Grants Database

The Foundation awards approximately 200 grants per year (excluding the Sloan Research Fellowships), totaling roughly $80 million dollars in annual commitments in support of research and education in science, technology, engineering, mathematics, and economics. This database contains grants for currently operating programs going back to 2008. For grants from prior years and for now-completed programs, see the annual reports section of this website.

Grants Database

Grantee
Amount
City
Year
  • grantee: Planetwork NGO, Inc.
    amount: $20,000
    city: San Francisco, CA
    year: 2011

    To support a workshop on reputation systems and web annotation

    • Program Digital Technology
    • Sub-program Scholarly Communication
    • Investigator Dan Whaley

    To support a workshop on reputation systems and web annotation

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  • grantee: Association of American Universities
    amount: $94,041
    city: Washington, DC
    year: 2011

    To plan the launch of a sustainable media outlet for communicating with the public about academic research results

    • Program Digital Technology
    • Sub-program Scholarly Communication
    • Investigator Andrew Jaspan

    To plan the launch of a sustainable media outlet for communicating with the public about academic research results

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  • grantee: Columbia University
    amount: $124,996
    city: New York, NY
    year: 2011

    To create a graphical, open-source Citation Style Language (CSL) editor that can be used to develop, edit, and customize bibliographic reference styles

    • Program Digital Technology
    • Sub-program Scholarly Communication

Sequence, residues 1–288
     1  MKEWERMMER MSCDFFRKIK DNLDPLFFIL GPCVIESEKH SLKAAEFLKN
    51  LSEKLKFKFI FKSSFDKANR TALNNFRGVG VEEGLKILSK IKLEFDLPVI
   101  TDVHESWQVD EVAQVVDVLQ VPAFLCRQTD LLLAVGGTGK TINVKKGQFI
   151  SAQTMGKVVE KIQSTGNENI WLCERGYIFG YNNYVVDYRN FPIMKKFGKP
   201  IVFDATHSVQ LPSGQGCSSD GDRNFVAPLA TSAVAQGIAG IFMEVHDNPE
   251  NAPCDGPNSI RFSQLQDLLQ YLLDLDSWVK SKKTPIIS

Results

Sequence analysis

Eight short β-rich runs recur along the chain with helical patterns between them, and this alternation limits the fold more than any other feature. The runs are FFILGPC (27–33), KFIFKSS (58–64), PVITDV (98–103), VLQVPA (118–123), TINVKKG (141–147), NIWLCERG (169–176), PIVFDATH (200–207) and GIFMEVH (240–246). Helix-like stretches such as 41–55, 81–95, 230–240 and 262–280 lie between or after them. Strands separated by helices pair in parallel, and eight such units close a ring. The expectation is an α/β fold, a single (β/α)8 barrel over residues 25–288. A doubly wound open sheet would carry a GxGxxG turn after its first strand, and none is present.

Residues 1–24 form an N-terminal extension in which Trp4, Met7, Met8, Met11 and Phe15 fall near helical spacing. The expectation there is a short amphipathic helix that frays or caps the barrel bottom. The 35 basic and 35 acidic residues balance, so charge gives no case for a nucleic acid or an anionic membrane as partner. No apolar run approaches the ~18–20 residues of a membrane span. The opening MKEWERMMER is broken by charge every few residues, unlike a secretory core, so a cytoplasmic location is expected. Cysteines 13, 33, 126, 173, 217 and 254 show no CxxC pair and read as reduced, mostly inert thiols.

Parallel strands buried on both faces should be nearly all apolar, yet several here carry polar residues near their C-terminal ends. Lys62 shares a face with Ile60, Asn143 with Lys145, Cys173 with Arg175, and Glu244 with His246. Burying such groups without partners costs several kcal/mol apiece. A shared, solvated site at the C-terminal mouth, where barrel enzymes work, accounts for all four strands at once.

• Investigator Damon Jaggars

    To create a graphical, open-source Citation Style Language (CSL) editor that can be used to develop, edit, and customize bibliographic reference styles

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  • grantee: Library of Congress
    amount: $38,750
    city: Washington, DC
    year: 2011

    To support a two-day meeting to identify gray literature preservation priorities in the sciences

    • Program Digital Technology
    • Sub-program Scholarly Communication
    • Investigator Martha Anderson

    To support a two-day meeting to identify gray literature preservation priorities in the sciences

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  • grantee: Social Science Research Network
    amount: $60,490
    city: Rochester, NY
    year: 2011

    To develop a plan for extending the Social Science Research Network's scope to include research data as well as preprint articles

    • Program Digital Technology
    • Sub-program Scholarly Communication
    • Investigator Gregory Gordon

    To develop a plan for extending the Social Science Research Network's scope to include research data as well as preprint articles

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  • grantee: National Information Standards Organization
    amount: $222,706
    city: Baltimore, MD
    year: 2011

    To develop a new specification for the real-time synchronization of web resources housed in separate repositories

    • Program Digital Technology
    • Sub-program Scholarly Communication
    • Investigator Todd Carpenter

    No central authority tracks updates to an article or a dataset as it moves through various publication channels or institutional, disciplinary, or personal repositories over the course of its lifetime. A scholarly research paper, for example, might be available on a preprint server, the author's home page, a journal's website, and in an institutional repository. Imagine the difficulty an author would face should she wish to add a passage about updated findings to previous versions of the paper. The proliferation of copies means online materials behave surprisingly like physical paper; once you print out a copy of an article, the author can't push revisions to your copy. To address this need, the National Information Standards Organization (NISO) is beginning a project to convene a group of key computer and information scientists to develop a standard for the versioning and synchronization of web resources. They also plan to hold a series of workshops that follow the community development process, resulting in a codified standard that meets the needs of publishers, repositories, and other stewards of scholarly products. Alongside other work on data citation, annotation, and canonical author identifiers, the resulting NISO standard would be a valuable tool to facilitate the publication of scholarship and research data on the web, and is likely to be useful in other contexts as well. Funds from this grant will provide partial support for NISO's efforts over the next two years.